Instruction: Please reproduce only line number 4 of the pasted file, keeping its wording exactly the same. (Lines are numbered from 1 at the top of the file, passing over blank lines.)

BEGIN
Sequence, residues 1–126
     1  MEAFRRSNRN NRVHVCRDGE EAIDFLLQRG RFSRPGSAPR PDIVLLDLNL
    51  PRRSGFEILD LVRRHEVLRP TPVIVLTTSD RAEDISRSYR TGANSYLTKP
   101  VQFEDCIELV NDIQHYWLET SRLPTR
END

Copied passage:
   101  VQFEDCIELV NDIQHYWLET SRLPTR